“The state of being whole and undivided”

One of the definitions of integrity is “the state of being whole and undivided.” And I think that is applicable to training. You have to pursue excellence in every area in order to be your best.

It also means being as committed to your recovery as you are to your workouts. Getting enough sleep. Spending some time working on mobility. Having some quality foam roller time. Taking a day off. Taking two days off in a row. Not training through injuries. Giving yourself a mental break when you need it.

It means being as committed to your nutrition as you are to your workouts. You can’t out-train a bad diet, in terms of weight management, performance quality, or long-term health. If you just spent an hour working hard, why would you want to negate all the work you just did by putting crap in your system? It’s like spending a bunch of time cleaning the outside of your car and then filling the inside with junk. If you fuel well, you will perform well. If you don’t, you are selling yourself short. If you are trying to improve your health, why stack the odds against you? Why not set yourself up for optimal success? Because it’s inconvenient? Because it takes time? Because it’s hard? The path to excellence goes right through hard things.

It means finding time to strengthen your weaknesses. Avoiding movements is not the way to improve at them. It may mean spending 10 minutes every day with an empty barbell practicing technique. Everyone struggles with something and just because I am using an empty barbell for my overhead squats doesn’t mean that I am less of an athlete. It means I have things to work on, that’s all. Who doesn’t? You might outlift me in an overhead squat contest but I will kick your ass at running. Not that it has to be a competition — everyone needs to work at their own level — but the point is that everyone is strong in one area and weaker in the other. And there is no shame in having a weak area. Or two. Or twelve.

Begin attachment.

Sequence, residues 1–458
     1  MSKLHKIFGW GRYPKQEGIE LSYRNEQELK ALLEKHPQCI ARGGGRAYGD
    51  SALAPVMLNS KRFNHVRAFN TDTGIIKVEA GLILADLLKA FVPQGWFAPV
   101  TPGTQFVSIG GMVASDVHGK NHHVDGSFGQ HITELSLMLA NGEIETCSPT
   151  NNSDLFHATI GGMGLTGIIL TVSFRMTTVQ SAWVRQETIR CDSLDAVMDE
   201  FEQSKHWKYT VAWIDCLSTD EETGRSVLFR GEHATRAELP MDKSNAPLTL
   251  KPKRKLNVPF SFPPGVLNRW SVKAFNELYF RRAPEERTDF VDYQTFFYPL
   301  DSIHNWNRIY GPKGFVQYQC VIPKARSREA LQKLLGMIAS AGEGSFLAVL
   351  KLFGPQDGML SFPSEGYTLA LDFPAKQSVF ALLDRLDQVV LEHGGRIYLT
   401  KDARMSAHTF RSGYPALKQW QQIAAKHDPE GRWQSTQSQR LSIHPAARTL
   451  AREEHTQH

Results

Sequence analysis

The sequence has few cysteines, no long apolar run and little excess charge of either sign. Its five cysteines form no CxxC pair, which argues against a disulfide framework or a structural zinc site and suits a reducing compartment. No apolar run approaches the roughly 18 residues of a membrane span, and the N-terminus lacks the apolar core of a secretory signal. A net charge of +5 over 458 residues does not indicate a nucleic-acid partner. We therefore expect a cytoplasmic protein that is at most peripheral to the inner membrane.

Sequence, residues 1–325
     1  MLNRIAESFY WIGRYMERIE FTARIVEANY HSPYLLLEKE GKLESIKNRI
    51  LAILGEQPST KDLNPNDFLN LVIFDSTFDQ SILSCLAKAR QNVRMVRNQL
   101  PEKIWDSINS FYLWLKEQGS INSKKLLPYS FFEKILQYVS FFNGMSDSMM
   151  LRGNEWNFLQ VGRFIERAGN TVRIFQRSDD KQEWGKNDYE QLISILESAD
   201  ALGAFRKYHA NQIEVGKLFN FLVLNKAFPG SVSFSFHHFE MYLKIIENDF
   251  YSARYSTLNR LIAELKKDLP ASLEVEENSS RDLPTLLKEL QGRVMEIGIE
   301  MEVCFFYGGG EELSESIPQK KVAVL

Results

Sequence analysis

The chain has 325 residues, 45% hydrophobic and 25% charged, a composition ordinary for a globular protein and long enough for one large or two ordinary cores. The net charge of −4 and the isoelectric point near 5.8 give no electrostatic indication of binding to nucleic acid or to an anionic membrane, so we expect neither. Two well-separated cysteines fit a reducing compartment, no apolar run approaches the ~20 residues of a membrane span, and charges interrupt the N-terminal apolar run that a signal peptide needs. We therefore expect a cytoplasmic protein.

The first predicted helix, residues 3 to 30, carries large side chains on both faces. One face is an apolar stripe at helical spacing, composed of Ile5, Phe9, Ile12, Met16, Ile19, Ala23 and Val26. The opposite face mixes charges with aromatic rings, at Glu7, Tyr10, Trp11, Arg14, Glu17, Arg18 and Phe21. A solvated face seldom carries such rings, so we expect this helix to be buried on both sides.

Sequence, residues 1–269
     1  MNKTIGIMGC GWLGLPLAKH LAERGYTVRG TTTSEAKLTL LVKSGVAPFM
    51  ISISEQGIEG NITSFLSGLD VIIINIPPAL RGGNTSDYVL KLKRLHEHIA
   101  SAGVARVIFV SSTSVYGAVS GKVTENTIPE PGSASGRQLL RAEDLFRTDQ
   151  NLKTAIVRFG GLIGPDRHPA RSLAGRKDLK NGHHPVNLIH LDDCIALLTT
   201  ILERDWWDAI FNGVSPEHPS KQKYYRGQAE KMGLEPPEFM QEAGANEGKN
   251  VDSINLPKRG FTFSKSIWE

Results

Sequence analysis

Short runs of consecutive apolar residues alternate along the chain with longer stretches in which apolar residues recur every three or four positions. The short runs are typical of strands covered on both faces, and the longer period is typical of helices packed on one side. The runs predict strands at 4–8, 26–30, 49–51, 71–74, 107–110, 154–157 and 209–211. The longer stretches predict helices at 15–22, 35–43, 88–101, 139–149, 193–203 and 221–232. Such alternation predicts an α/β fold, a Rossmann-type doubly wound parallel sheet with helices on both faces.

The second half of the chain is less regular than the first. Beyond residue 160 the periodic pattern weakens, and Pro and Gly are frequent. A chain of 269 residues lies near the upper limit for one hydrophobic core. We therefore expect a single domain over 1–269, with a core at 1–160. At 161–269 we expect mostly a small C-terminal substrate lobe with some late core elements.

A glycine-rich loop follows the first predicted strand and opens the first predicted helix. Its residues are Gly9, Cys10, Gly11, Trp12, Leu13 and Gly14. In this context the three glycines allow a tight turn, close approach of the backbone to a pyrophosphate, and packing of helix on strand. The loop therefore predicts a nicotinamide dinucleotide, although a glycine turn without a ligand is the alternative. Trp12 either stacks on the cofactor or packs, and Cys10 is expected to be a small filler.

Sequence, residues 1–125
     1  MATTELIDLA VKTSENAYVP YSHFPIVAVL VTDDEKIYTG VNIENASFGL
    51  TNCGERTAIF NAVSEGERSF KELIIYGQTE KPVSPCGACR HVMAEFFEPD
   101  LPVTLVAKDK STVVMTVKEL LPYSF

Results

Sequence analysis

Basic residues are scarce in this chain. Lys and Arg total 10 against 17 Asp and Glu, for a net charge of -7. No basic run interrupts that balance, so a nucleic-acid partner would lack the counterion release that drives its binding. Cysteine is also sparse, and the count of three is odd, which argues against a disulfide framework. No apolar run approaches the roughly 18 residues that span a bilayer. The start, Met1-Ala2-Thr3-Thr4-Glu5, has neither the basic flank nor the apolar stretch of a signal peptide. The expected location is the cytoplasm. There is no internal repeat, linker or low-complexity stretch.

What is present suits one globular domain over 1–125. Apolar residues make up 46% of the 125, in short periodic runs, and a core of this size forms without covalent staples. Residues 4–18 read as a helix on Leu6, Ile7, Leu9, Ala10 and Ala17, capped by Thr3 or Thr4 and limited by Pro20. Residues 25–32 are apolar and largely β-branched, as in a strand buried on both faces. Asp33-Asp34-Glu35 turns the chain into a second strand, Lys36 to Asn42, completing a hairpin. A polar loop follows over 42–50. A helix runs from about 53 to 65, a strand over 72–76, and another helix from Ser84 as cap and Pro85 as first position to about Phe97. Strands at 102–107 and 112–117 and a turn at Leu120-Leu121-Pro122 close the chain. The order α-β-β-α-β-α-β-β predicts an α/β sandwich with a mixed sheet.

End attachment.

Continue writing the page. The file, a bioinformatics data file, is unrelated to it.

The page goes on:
Training with integrity sets an example. It requires those around you to step their game up. If everyone around me is working with terrible form, it conveys the message that low-quality reps are okay. If those around me are prioritizing quality, I am much more likely to do the same.

Choosing excellence and training with integrity may mean sacrifice. Sacrificing a goal time in favor of quality. Sacrificing your comfort, your ego, and your idea of where you think you should be. It means working on the parts to solidify the whole. But training with integrity means improvement. It will come. Dedication reaps rewards, even if they come slowly.

Training with integrity means consistently choosing excellence in all areas of your training. Are you choosing excellence?

More Info: Tabata Times